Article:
Frank Joyce and Judy Gumbo were
Frank Joyce and Judy Gumbo were less messianic, though no less passionate. Joyce wore a Detroit Tigers sweatshirt. “I’m from Motor City,” he told the audience. “We know about paradigm shifts.” His Detroit was the city of autoworkers, trade unions, and the cause of the working class. For 12 years, he served as the director of public relations for the United Auto Workers (UAW).
At the Berkeley library, he wore his blue-collar roots as clearly as Davis wore his patrician origins. Born in Virginia and a college student at Oberlin, Davis’s father worked in President Truman’s administration as chief of staff for the Council of Economic Advisers. Judy Gumbo, who was born in Canada to Jewish parents, defined herself as a “pot-smoking tie-dyed person.” She was probably the most self-critical of the three speakers. “I have lived a life of privilege,” she observed. In Vietnam in 1970, she said that she felt like “a fraud.” She sounded genuinely sad.
Of the anti-war movement, Frank Joyce explained, “We were naïve. We didn’t learn the lessons of McCarthyism.”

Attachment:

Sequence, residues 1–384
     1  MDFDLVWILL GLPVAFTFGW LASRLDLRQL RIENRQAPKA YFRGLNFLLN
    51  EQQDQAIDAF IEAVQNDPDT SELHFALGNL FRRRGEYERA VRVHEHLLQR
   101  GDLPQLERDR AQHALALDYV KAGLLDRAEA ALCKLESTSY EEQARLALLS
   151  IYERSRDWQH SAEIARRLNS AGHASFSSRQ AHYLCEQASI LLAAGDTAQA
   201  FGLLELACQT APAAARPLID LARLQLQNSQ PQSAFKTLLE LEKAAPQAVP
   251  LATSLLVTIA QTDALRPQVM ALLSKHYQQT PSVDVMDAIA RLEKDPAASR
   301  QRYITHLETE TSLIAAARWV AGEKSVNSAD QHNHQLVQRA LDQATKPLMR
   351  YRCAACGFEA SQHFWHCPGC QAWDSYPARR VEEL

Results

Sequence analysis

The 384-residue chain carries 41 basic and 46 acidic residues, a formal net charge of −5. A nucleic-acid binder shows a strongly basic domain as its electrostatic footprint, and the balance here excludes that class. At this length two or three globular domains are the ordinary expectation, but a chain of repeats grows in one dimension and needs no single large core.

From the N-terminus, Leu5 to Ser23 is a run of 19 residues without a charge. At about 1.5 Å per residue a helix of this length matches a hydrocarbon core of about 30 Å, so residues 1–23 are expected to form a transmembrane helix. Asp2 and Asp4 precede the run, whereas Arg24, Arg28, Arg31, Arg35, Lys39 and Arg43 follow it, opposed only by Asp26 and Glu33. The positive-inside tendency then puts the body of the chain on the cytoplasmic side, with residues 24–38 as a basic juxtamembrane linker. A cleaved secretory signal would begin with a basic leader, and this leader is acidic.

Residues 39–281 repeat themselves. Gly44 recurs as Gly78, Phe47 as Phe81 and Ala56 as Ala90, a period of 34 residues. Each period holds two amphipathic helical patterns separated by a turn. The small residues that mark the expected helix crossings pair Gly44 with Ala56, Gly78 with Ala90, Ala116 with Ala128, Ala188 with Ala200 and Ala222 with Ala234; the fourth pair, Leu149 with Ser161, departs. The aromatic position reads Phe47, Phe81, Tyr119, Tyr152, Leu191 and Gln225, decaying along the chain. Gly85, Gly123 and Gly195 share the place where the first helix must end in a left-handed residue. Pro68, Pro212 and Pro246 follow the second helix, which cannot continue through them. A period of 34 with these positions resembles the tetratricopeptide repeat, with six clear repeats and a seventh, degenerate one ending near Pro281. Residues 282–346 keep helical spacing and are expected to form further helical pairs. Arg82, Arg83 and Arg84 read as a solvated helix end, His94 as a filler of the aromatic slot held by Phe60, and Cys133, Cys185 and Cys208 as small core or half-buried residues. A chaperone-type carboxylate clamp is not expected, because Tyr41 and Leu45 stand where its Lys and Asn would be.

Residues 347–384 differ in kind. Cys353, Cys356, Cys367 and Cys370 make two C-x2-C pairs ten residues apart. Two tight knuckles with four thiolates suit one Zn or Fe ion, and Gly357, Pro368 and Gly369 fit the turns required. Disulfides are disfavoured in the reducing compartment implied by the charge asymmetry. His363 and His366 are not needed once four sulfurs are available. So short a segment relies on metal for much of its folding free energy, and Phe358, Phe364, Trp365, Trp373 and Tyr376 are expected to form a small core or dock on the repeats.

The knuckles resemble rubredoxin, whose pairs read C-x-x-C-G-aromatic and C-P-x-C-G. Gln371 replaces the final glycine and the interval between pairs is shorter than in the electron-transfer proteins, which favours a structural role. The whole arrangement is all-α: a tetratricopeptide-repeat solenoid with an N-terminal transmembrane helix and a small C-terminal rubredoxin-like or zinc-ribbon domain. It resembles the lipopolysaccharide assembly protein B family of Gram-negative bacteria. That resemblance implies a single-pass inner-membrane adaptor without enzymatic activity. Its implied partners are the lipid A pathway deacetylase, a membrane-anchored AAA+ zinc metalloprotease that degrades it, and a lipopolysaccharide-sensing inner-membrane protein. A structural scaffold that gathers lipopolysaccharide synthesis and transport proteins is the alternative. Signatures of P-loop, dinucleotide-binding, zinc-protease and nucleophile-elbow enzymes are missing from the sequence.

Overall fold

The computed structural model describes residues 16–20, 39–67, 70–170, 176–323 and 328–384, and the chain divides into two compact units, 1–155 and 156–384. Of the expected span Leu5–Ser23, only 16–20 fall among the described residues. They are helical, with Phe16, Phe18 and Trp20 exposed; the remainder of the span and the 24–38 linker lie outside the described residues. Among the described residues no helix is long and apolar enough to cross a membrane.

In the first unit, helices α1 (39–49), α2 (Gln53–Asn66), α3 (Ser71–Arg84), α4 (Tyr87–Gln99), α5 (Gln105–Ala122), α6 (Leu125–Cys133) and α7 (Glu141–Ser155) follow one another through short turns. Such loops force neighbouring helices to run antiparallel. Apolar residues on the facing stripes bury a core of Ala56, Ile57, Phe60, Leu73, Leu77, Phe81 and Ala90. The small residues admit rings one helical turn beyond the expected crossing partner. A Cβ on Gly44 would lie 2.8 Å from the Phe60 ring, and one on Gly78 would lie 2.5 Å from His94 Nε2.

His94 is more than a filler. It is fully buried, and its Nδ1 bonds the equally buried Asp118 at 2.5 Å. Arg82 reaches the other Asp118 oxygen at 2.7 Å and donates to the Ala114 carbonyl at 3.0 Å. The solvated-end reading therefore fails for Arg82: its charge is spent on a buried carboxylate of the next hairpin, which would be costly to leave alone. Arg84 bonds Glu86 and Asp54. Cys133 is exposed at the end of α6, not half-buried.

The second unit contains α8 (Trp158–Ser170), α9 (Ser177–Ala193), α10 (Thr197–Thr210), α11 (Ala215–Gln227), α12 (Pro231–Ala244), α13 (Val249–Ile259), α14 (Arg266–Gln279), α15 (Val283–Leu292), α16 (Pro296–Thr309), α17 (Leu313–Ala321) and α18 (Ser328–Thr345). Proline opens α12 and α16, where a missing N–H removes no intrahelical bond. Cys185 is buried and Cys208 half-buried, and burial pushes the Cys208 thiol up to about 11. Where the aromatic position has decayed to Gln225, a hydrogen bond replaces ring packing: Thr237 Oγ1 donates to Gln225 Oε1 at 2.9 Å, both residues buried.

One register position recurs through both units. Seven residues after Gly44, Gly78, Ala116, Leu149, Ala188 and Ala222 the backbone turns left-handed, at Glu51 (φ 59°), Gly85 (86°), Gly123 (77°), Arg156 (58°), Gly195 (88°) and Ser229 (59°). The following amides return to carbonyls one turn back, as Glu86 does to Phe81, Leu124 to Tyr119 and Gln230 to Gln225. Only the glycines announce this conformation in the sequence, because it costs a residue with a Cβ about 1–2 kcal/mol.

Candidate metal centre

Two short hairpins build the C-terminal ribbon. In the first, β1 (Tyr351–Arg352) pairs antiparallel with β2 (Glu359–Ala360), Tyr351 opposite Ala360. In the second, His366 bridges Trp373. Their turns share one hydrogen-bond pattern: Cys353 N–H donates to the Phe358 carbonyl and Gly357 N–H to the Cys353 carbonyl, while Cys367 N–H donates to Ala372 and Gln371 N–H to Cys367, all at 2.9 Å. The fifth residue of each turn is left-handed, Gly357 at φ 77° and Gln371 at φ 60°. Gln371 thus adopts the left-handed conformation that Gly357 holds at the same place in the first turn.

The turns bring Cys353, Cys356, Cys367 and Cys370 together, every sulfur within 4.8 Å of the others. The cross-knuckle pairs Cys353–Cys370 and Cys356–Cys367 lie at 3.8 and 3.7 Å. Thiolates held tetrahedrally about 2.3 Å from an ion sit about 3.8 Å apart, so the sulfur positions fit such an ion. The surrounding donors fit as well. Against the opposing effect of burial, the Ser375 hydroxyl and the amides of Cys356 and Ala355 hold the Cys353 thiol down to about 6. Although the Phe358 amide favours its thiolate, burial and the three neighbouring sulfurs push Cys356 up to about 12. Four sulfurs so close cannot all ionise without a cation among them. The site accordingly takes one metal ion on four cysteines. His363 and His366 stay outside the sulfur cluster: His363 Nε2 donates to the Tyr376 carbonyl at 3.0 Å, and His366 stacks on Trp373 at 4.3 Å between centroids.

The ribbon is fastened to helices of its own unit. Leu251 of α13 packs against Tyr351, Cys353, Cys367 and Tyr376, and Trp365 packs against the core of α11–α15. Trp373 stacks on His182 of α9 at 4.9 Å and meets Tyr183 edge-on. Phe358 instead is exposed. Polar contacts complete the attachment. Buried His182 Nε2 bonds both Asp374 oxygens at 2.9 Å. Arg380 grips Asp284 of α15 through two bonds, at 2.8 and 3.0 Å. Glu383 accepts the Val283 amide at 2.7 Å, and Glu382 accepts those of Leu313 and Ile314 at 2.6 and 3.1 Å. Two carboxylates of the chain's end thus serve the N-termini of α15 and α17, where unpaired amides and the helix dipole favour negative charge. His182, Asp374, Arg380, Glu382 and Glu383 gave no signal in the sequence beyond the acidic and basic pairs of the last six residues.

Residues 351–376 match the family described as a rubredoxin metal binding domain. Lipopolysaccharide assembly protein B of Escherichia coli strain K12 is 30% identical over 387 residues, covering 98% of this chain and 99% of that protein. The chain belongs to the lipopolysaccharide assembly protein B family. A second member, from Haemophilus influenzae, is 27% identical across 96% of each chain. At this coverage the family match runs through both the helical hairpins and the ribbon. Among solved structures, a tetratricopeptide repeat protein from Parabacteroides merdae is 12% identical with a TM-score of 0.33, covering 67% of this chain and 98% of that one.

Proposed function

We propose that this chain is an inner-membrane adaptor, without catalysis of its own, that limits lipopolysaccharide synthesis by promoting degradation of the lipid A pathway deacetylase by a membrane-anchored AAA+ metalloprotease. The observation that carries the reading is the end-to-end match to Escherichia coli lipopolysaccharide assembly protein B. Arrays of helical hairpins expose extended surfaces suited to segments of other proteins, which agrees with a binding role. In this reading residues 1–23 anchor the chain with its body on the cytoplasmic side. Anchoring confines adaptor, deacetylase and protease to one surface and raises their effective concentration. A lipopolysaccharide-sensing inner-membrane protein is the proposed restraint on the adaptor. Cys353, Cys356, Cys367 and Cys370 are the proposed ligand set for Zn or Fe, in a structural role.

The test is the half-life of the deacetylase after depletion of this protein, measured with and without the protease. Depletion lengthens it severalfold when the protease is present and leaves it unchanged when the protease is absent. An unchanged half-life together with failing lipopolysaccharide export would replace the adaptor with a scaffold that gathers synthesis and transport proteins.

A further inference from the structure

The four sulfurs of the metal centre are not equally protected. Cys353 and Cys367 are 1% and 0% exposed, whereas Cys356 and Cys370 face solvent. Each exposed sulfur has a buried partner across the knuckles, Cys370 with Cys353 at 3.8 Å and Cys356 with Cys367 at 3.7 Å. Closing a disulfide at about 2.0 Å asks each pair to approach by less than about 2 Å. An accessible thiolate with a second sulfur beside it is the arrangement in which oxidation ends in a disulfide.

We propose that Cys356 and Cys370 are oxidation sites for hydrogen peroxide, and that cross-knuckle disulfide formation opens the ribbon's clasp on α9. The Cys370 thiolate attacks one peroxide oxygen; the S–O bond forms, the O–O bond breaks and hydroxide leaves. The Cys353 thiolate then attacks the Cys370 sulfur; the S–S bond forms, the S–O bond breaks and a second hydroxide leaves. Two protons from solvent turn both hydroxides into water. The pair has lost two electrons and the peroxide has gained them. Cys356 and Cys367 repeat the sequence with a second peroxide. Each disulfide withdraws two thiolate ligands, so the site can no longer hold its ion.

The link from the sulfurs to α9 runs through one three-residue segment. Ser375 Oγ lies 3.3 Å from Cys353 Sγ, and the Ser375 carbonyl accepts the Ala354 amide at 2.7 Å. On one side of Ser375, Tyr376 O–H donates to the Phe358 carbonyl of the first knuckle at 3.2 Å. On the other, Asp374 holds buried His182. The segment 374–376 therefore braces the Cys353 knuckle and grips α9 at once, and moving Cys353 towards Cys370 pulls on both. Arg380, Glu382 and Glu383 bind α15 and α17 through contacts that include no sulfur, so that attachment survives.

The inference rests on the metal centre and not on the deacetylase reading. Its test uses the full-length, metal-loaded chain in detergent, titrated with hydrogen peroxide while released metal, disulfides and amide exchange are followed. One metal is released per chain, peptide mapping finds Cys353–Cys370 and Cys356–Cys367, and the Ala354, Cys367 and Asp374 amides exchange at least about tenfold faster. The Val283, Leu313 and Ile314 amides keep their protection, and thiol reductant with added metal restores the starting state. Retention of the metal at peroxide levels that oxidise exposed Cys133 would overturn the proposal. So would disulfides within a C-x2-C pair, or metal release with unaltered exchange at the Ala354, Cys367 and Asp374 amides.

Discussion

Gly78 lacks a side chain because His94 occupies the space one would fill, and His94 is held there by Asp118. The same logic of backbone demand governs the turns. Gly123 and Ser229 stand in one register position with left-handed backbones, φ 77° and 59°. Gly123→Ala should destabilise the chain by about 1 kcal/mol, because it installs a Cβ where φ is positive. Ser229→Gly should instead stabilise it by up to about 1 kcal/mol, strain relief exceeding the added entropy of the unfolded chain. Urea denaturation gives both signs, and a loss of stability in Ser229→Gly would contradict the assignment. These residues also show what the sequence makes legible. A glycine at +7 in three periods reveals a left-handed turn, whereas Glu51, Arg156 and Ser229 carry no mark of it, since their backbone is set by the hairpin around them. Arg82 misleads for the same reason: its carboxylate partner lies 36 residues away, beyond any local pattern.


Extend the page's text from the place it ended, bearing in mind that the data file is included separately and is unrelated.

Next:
Mixing humor with history lessons and crystal ball predictions, Joyce observed that, “it’s always the 50th anniversary of something.” Indeed, 2017 and 2018 will mark a slew of historical events, including the 50th anniversary of the 1967 March on the Pentagon and the 50th anniversary of the 1968 Tet Offensive that shocked the American public and showed that the U.S. military couldn’t win the war.
Joyce argued that “the miracle of the anti-war movement” gave birth to the anti-draft movement, and not vise versa. It was an important point that he wanted to get across and he repeated it several times.
Pro-war forces had demonized the rank-and-file of the anti-war movement.
Pro-war forces had demonized the rank-and-file members of the anti-war movement as hippies and draft dodgers, Joyce noted. They were for the most part neither. “I love Vietnam and I love to romanticize it,” he added. “Making peace is a big adventure. I think that we can do it again and defeat the military machine.”